The Gelada (Theropithecus gelada), sometimes called the gelada baboon and bleeding-heart baboon, is a species of Old World monkey now confined to the Ethiopian Highlands. In have spend numerous hours on different visits observing Geladas in Ethiopia’s Simien Mountain National Park in order to get a better understanding of their complex multilevel society.
Fascinated by all social behaviour in Gelada’s it’s the grooming between members of the ‘troop’ that really gets me excited. There are two types of grooming in geladas: auto - grooming (self grooming) and allo - grooming (social grooming). Grooming is not only important for hygienic reasons but also important for strengthening social bonds.
Numerous studies suggest that the major reason for grooming is the satisfaction of physical contact between the groomer and the individual being groomed. The male maintains his relationship with the females by grooming them rather than forcing his dominance.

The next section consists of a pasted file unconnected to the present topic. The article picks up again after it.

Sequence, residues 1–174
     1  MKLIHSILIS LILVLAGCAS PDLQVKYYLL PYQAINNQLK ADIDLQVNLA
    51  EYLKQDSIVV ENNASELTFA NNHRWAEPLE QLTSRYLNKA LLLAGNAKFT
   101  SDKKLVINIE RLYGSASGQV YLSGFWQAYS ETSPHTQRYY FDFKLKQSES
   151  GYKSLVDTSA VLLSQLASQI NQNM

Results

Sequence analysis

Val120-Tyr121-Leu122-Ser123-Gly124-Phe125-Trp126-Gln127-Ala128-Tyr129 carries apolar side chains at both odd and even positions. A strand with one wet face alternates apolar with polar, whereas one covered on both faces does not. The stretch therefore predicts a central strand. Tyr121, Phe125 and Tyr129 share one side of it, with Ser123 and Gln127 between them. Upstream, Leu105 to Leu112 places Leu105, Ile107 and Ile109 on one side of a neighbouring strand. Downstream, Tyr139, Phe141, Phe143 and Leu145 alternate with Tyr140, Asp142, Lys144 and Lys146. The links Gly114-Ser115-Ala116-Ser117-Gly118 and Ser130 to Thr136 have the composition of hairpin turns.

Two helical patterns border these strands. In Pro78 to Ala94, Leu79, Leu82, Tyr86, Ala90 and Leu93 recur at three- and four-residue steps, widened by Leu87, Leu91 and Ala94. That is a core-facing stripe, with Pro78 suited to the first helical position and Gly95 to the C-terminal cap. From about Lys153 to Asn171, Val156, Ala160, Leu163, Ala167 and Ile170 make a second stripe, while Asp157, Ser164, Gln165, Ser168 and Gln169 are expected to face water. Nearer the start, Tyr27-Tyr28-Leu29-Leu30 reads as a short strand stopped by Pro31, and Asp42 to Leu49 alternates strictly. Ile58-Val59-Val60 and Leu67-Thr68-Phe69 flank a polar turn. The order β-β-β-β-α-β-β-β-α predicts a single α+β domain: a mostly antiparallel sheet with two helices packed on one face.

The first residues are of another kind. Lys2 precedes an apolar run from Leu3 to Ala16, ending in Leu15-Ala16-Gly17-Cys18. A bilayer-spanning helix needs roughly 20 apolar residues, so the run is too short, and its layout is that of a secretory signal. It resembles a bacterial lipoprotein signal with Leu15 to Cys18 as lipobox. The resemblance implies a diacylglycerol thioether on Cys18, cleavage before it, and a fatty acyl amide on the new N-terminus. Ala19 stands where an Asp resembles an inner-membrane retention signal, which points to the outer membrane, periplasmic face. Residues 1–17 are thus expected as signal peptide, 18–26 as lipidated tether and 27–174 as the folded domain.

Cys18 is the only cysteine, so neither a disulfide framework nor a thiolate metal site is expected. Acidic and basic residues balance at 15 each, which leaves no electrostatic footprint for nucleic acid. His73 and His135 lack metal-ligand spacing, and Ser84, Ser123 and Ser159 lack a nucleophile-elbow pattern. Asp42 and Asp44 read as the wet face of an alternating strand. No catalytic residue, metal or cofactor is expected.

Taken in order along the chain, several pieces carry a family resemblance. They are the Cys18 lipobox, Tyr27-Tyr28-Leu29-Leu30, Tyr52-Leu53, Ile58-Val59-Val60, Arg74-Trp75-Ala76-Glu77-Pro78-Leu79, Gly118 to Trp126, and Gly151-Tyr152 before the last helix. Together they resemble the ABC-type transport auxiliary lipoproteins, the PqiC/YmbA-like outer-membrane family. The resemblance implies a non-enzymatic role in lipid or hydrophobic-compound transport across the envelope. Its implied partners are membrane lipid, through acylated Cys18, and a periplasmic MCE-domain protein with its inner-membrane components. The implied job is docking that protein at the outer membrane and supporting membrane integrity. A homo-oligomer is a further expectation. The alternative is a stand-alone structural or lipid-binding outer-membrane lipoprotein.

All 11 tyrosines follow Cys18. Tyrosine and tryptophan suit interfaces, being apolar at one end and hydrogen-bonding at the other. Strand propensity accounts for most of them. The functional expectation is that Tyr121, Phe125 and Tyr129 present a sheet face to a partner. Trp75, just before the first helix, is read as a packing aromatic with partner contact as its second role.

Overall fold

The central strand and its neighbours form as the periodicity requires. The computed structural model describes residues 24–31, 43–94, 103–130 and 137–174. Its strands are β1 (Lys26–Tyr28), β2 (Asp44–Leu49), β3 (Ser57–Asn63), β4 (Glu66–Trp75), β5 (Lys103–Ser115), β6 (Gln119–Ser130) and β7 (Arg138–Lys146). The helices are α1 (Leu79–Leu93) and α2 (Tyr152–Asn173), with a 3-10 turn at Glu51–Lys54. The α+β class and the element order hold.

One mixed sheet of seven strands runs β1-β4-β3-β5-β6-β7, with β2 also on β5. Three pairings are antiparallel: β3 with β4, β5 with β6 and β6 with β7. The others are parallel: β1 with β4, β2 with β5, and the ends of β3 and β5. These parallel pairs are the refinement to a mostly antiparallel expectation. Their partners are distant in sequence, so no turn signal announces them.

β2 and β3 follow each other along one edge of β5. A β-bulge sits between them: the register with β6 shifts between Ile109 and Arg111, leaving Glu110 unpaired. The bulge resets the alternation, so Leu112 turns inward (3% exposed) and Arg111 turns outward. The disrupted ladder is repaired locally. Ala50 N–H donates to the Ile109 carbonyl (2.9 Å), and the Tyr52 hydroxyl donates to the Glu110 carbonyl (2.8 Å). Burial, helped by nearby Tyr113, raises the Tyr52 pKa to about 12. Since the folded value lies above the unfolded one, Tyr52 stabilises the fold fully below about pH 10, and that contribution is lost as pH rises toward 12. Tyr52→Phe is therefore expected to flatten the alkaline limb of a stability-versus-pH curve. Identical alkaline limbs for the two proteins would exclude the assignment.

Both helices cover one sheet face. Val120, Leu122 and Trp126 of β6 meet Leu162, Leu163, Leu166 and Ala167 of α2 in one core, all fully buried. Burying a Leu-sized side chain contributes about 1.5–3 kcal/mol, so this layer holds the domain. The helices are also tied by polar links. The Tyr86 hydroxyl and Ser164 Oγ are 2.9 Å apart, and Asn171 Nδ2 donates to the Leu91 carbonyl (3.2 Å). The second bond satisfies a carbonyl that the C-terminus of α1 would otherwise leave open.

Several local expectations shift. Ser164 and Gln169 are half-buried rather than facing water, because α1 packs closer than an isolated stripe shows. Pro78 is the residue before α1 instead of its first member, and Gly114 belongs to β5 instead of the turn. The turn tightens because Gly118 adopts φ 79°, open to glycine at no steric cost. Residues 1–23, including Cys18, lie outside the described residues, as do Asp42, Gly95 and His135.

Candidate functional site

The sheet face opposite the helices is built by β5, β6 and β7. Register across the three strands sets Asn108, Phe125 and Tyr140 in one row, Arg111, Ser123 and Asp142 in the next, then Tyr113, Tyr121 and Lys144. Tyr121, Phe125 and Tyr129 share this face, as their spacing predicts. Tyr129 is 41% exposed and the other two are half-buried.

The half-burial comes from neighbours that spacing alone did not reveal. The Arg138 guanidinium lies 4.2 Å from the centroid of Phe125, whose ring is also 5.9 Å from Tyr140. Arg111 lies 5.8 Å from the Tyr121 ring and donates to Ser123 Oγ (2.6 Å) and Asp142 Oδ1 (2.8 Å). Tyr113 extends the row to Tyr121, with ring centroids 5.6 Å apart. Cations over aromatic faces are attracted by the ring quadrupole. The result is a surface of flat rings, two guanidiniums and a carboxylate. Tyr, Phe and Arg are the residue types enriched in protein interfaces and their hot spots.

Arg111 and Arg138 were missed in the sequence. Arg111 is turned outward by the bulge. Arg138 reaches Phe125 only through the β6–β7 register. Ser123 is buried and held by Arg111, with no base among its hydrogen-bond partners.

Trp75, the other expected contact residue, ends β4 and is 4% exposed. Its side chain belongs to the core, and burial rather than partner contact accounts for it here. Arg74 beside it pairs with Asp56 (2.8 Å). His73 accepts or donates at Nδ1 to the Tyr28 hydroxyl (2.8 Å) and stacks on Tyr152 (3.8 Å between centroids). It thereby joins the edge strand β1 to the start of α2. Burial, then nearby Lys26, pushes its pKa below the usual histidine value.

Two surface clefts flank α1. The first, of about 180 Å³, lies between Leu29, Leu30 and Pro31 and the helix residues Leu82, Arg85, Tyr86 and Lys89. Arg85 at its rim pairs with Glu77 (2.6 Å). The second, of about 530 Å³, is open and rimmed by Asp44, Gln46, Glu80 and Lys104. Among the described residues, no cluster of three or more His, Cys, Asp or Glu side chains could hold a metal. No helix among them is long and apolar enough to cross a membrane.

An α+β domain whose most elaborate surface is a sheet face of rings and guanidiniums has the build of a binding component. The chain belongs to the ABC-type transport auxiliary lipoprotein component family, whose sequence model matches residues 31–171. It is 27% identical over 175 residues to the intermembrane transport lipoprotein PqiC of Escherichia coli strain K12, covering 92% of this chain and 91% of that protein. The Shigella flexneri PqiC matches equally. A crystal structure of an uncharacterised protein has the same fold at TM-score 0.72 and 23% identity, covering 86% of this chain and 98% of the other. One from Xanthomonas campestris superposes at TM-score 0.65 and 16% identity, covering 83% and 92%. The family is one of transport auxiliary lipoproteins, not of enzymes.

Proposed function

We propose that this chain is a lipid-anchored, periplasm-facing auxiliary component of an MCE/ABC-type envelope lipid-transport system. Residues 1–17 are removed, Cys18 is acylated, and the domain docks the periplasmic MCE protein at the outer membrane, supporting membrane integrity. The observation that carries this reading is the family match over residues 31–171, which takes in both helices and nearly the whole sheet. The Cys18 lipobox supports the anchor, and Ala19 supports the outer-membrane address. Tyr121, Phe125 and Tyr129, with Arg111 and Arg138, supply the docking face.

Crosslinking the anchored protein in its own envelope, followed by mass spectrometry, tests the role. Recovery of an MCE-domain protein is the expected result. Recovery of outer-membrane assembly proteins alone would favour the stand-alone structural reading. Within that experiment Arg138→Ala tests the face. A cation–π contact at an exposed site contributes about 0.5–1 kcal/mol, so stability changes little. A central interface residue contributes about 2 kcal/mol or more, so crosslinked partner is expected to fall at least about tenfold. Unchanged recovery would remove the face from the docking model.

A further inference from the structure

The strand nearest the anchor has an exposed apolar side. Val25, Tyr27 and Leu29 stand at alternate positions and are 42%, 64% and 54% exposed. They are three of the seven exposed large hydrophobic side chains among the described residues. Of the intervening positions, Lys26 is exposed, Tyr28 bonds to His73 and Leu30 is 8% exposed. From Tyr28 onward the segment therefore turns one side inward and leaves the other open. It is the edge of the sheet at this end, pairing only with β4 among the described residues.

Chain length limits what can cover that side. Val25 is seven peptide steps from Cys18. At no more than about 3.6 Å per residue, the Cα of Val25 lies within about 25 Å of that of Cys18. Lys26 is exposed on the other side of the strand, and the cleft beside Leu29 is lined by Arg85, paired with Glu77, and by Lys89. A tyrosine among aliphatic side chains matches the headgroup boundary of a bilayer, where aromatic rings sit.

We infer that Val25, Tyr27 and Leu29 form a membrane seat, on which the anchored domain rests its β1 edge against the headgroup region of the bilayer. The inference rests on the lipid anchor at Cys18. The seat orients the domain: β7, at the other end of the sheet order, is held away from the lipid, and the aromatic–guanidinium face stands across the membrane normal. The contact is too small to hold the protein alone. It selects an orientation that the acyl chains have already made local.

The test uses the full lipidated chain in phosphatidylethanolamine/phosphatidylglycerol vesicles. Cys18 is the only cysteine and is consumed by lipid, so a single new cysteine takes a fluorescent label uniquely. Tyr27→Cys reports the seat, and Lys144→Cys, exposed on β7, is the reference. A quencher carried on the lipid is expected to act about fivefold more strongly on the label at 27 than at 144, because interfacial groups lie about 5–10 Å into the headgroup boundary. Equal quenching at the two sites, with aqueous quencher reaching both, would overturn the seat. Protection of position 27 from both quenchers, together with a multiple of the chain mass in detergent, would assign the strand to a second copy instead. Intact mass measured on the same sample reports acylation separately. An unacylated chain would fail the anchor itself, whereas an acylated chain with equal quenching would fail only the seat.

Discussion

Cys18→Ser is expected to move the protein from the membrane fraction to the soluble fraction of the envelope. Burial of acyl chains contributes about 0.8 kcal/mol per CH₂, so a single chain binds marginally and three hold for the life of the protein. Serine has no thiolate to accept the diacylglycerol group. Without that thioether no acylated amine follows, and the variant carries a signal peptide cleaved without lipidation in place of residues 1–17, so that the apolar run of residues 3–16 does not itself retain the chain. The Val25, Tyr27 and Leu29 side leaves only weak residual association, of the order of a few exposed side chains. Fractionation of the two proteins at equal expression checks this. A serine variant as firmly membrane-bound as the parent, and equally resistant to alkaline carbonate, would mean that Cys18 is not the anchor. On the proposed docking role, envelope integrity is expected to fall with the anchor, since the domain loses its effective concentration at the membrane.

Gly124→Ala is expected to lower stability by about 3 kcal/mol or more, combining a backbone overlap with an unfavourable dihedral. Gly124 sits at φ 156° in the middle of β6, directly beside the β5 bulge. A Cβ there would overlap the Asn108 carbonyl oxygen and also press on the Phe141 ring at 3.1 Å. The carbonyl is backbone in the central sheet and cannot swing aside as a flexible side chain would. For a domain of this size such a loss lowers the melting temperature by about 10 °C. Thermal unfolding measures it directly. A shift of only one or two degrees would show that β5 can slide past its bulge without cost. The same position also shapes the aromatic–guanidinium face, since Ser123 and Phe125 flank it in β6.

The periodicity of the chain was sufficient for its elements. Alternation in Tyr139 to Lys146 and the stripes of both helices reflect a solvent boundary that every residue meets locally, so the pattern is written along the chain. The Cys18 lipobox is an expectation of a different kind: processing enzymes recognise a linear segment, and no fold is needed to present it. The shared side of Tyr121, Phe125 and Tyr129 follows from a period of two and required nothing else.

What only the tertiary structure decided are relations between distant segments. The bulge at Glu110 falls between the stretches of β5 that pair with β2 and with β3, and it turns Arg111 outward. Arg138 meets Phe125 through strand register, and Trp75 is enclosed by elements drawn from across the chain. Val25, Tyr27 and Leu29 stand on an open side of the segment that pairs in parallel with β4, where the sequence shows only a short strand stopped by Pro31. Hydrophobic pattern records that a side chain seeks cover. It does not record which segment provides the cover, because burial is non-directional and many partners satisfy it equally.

On my last visit to the Ethiopia highlands I made my principal photographic focus to capture the ‘perfect’ grooming image. Showing just how important this behaviour is for the social bond in Gelada’s. It was the last morning of my latest visit to the Simien Mountains and I left the comfort of my warm bed and headed out before sunrise to an area, which, from previous knowledge I knew was a hot spot for sunrise Gelada activity.
As the morning warmed up the Gelada’s moved higher and higher up a small rocky outcrop to capture the morning sun. I realized the best way to portray my subjects in all their glory would be to use a fish- eye lens, thus not only showing my subject but also their fragile habitat which is under serious threat from farming and competition for grazing of livestock. I spotted a male and female exposed from the rest of the group sitting in a small open area with the embankment below them washed away. This was the perfect opportunity for me to get below my subjects.
- Marius Coetzee
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